Photo: Win McNamee via Getty Images

Sen. Elizabeth Warren (D-Mass.) released a DNA test to the Boston Globe that suggests there is "strong evidence" she had a Native American ancestor 6–10 generations back in her family tree.

The big picture: The test, while "inherently imprecise," indicates Warren is between 1/32 and 1/1,024 Native American, supporting the senator's claims that her Cherokee ancestry was a recurring theme in the family stories she was told growing up in Oklahoma. The controversy over Warren's heritage had become a favorite target for mockery by President Trump, who nicknamed her "Pocahontas" and claimed she had used a false minority status to get hired at Harvard Law School.

  • An earlier Boston Globe analysis found that her ancestry was never a consideration during the hiring process at Harvard or throughout her rise in the legal profession.
  • The transparency of providing the DNA test, which drew comparison from Globe writer Annie Linskey to President Obama's release of his birth certificate during the birther controversy, will fuel further speculation that Warren is serious about a 2020 presidential bid.

Go deeper

Houston public health system CEO says coronavirus situation is "dire"

Houston's coronavirus situation is "dire, and it's getting worse, seems like, every day," Harris Health System CEO and President Dr. Esmail Porsa said Monday on MSNBC's "Morning Joe."

The big picture: Porsa said the region is seeing numbers related to the spread of the virus that are "disproportionately higher than anything we have experienced in the past." Lyndon B. Johnson Hospital is at 113% capacity, and 75% of the beds are coronavirus patients.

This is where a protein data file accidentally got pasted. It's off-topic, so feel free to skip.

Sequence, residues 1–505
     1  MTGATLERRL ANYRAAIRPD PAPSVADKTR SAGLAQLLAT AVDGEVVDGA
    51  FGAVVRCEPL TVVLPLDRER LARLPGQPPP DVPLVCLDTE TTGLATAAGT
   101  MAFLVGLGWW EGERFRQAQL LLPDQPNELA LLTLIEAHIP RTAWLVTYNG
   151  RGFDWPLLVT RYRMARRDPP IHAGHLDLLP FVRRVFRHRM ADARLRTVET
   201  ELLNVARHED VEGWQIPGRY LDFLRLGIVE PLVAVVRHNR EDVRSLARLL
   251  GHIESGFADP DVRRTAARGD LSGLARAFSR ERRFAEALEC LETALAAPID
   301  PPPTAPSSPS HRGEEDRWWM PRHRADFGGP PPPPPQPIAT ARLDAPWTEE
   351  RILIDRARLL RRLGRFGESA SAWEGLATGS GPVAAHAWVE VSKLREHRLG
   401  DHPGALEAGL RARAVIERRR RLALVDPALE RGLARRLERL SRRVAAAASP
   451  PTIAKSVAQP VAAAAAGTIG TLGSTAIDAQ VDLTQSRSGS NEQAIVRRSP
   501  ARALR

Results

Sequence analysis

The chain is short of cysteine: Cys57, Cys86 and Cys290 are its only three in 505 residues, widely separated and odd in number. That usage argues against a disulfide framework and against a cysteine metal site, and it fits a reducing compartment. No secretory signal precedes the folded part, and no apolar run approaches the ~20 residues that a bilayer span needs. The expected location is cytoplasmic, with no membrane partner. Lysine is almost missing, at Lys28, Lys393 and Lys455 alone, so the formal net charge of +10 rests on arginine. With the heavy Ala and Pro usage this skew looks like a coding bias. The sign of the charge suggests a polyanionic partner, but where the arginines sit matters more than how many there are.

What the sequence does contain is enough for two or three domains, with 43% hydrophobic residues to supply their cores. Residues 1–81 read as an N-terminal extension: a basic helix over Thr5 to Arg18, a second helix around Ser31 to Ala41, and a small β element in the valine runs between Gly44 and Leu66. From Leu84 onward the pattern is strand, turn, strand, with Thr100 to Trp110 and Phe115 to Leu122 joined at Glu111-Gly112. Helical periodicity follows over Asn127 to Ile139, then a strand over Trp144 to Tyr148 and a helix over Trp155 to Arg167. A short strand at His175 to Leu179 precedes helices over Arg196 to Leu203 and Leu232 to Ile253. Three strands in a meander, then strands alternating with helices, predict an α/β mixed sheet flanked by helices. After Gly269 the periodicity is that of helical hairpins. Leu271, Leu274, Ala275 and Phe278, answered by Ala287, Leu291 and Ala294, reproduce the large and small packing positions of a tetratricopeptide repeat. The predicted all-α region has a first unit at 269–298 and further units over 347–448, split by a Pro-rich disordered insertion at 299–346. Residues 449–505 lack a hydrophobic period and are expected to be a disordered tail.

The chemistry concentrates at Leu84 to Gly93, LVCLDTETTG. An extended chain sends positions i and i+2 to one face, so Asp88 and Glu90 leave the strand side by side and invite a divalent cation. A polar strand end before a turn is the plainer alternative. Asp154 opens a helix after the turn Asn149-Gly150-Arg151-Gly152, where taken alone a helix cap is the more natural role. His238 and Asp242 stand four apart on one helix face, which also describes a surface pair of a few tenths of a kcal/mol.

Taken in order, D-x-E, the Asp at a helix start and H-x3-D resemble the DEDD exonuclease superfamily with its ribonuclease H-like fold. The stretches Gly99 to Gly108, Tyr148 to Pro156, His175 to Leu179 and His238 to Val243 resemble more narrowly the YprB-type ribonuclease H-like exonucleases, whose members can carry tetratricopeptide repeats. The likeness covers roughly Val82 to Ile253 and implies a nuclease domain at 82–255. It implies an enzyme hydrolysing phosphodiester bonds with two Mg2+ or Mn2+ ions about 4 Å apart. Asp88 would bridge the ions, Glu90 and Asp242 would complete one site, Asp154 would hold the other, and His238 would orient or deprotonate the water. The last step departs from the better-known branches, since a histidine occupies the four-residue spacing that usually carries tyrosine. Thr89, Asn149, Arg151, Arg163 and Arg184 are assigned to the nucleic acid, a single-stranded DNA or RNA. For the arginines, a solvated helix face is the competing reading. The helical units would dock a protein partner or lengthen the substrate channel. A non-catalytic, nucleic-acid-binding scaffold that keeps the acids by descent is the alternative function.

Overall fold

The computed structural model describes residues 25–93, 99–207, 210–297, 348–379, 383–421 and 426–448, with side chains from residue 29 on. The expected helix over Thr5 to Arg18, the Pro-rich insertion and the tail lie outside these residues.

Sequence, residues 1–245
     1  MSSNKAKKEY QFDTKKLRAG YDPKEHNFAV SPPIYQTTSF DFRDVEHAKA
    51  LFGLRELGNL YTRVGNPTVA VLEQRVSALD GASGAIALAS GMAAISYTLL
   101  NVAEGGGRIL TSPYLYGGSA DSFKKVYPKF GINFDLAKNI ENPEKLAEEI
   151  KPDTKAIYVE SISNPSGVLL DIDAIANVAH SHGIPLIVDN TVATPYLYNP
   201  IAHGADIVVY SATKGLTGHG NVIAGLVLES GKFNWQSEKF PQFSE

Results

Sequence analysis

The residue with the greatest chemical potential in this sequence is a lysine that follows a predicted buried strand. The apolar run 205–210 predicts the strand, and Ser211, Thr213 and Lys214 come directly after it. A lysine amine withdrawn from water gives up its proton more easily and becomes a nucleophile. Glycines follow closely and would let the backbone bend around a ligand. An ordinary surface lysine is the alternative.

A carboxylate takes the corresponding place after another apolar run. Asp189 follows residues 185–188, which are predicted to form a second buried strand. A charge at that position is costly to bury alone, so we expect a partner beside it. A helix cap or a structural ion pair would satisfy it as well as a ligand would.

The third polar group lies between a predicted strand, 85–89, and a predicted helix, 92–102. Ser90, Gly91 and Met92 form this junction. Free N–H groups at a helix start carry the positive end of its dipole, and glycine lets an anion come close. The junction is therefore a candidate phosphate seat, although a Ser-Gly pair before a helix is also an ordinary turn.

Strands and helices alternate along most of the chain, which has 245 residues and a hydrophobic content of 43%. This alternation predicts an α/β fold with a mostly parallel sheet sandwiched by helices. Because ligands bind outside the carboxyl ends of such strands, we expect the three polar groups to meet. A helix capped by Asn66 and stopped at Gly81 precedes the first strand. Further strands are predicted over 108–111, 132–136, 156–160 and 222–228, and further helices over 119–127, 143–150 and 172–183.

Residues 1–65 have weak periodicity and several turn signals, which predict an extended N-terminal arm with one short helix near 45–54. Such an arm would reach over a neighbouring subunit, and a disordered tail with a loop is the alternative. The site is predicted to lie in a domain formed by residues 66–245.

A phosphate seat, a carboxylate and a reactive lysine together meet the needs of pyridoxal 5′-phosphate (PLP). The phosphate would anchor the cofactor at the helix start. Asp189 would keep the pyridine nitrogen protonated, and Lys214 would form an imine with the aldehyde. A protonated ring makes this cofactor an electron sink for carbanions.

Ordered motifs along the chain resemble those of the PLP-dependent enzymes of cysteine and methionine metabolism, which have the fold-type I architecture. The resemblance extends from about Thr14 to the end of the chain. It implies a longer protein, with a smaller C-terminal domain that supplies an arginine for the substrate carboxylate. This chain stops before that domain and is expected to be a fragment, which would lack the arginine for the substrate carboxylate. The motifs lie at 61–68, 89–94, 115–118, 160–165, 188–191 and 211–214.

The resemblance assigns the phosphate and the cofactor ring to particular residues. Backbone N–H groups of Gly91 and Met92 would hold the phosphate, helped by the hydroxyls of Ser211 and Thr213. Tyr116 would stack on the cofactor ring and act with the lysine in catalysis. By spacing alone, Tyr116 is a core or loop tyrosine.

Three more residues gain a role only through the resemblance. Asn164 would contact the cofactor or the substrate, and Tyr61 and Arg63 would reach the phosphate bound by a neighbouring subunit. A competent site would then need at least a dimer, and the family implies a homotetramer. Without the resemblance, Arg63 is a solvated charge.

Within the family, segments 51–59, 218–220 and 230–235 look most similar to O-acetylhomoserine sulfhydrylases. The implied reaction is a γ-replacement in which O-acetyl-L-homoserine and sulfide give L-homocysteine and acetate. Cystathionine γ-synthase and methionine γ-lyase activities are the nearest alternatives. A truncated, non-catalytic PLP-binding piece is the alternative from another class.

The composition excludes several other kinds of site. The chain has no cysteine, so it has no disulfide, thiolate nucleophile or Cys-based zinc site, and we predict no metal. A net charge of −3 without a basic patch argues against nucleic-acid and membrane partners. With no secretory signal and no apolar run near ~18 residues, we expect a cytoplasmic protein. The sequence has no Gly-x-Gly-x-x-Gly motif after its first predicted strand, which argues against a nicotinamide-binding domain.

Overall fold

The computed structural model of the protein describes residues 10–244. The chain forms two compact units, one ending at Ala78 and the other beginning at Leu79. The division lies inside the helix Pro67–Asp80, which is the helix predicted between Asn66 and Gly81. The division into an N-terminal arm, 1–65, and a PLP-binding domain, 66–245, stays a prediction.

Fund managers start to board the stock bandwagon

Illustration: Aïda Amer/Axios

Asset managers at major U.S. investment firms are starting to get bullish with their clients, encouraging stock buying and trying not to get left behind right as the metrics on tech stocks rise back to highs not seen since the dot-com crash of 2000.

What's happening: Appetite for stocks is starting to return, but slowly as institutional money managers were overwhelmingly sitting on the sidelines in cash during April and May.

2 hours ago - World

China bans Cruz and Rubio over Xinjiang criticism

Photos: Graeme Jennings/Pool/Getty Images; Al Drago/Pool/Getty Images

China said Monday that it will ban entry to Sens. Marco Rubio (R-Fla.) and Ted Cruz (R-Texas) over their criticisms of human rights abuses in Xinjiang, the AP reports.

The big picture: The move seems to be retaliatory after the U.S. announced sanctions on four Chinese officials for human rights abuses against Uighur Muslims and other ethnic minorities in the region last week.